British military cemetery at Kleinfontein
It was a typical Highveld winter morning when we departed for Diamond Hill near Bronkhorstspruit, brisk but gradually warming up.
At Renosterkop, a popular venue for offroad bikers we were met by our knowledgeable guide Rob Milne, who specialises in the South African War battlefields around the Magaliesberg and adjacent areas.
The Battle of Donkerhoek, or Diamond Hill as the British named it, was the second last conventional battle of this war. Following the fall of Pretoria in June 1900, the Boers under General Botha retreated 26 kilometres towards the east to defend the Delagoa Bay railway line, but still near enough to launch a counterattack on Pretoria, circumstances permitting.
With his centre anchored on the railway line at Pienaars Poort, Botha extended his 5 000 men across a wide front, from Koedoespoort in the north- west to Mosberg in the south-east, a distance of 45 kilometres. Broadly following the Donkerhoek – Diamond Hill range, with its steep hills, broken ground, and lateral ridges, ideal terrain for a defensive battle.
It appeared the British Army under Lord Roberts of 14 000 men would easily overwhelm Botha’s smaller force, but the British troops were still exhausted from their long march across the country to Pretoria and many still weak from typhoid.
On the left flank French commanded 1400 mounted men, in the centre Pole-Carew had 6 000 infantry and 400 mounted men and on the right flank Ian Hamilton had 2 200 infantry and 3 000 mounted men.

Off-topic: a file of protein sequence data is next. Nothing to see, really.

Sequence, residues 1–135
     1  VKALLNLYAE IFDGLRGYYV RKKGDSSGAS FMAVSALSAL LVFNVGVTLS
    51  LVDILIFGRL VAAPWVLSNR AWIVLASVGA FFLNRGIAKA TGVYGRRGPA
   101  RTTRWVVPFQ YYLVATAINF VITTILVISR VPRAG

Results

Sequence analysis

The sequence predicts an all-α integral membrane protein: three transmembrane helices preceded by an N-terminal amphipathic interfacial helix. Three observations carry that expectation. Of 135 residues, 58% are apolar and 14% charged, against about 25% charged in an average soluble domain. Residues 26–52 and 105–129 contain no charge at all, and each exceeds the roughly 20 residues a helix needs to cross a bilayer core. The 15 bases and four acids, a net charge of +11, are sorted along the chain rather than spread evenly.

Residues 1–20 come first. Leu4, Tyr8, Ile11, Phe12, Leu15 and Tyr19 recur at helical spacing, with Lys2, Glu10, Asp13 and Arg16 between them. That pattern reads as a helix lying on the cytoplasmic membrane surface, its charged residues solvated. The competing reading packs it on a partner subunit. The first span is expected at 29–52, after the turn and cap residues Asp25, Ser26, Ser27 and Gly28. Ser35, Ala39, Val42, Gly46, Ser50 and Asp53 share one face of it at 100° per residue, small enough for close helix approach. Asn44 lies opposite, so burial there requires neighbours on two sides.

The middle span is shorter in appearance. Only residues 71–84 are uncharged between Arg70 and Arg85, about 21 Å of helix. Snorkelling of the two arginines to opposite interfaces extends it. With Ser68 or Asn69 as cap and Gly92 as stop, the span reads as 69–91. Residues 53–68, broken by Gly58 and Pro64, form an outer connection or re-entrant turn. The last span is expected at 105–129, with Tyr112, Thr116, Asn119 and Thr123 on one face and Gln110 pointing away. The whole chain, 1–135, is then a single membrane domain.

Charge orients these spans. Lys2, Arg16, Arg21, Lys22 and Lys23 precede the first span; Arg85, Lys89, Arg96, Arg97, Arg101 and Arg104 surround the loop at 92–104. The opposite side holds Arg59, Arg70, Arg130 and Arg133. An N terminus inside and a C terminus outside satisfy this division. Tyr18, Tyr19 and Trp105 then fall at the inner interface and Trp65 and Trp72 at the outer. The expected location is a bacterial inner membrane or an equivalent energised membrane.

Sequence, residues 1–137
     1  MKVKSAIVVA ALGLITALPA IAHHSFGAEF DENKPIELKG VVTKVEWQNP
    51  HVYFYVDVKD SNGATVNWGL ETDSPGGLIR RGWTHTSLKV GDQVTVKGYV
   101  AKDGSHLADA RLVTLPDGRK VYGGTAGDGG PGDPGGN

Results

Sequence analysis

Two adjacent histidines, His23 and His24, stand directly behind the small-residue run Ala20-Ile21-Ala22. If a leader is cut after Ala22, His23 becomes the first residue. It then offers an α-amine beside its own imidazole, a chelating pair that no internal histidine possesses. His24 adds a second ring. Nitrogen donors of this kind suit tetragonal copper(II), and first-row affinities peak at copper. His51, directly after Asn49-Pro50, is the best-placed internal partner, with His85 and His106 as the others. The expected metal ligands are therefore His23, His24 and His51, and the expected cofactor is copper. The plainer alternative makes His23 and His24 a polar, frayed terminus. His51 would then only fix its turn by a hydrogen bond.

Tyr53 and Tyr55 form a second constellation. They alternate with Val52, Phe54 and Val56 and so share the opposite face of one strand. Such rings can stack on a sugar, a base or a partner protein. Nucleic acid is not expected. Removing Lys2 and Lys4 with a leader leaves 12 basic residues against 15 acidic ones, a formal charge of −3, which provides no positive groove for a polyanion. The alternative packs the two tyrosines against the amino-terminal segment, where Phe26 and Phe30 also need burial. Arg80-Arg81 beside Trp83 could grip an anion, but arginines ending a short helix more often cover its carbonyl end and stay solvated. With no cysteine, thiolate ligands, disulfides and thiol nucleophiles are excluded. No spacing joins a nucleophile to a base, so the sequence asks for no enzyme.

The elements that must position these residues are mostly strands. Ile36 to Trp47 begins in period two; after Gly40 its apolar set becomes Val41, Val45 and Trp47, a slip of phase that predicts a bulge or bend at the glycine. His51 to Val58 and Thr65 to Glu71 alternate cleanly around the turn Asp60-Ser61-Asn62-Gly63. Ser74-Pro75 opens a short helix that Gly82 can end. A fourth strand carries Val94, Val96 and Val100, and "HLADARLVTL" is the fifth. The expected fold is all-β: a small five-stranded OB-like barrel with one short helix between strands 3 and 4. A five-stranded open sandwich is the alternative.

Botha by now had come to anticipate Robert’s usual attack method, which was to hold back his centre until his opponent’s flanks had been turned. The Boers therefore threw all their men into the firing line and though thinly spread with only one man every 5 meters, they relied on their ability to relieve a hard-pressed detachment by bringing up men from less exposed sections.
On 11 June 1900, Broadwood under command of Ian Hamilton, attacked on the right front across the gap between Diamond Hill and Morskop. Lord Airlie commanding the 12th Lancers charged in close order and routed a small party of outlying Boers, but then came under heavy rifle fire from Boers ensconced behind some rocks 600 meters distant. Realising the Lancers could not attack across open ground against sheltered rifle-fire, Airlie had just given the command to wheel about when he was shot and killed. Broadwood was also unable to progress further due to boggy ground holding up his attack.
We passed this boggy area and then walked crossed a small stream the Boers had widened and lengthened as part of their defenses. Just beyond this little stream we reached the site where Lord Airlie was killed. Initially buried here, his remains were later disinterred and reburied at a small military cemetery on the nearby farm Kleinfontein.
Tombstone of Lord Airlie at Kleinfontein Military Cemetery
That evening Roberts still deliberated how to proceed when news arrived that Hamilton, if supported, could pierce the Boer left flank at Diamond Hill.
The attack on Diamond Hill began just after midday. The City Imperial Volunteers (CIV) were able to rush the crest of Diamond Hill and the Sussex, Regiment, followed shortly afterwards by the 2nd Coldstream Guards cleared the crest further north.
The Boers retired to an equally strong position on the arc of ridges to the east. For a moment it seemed a stalemate had been reached. Then Botha received news that Hamilton had captured the whole of the Diamond Hill plateau. Realising the British could now place their heavy artillery on the plateau and shell the Boers in all directions, he silently withdrew his men during the night. From Diamond hill the Boers retreated to further east to Belfast where they fought their last conventional battle at Bergendal. Following Bergendal, the two-year long guerilla phase commenced.
Tombstone of Canadian soldier W. Frost. Note the horseshoe placed there by the visiting descendants.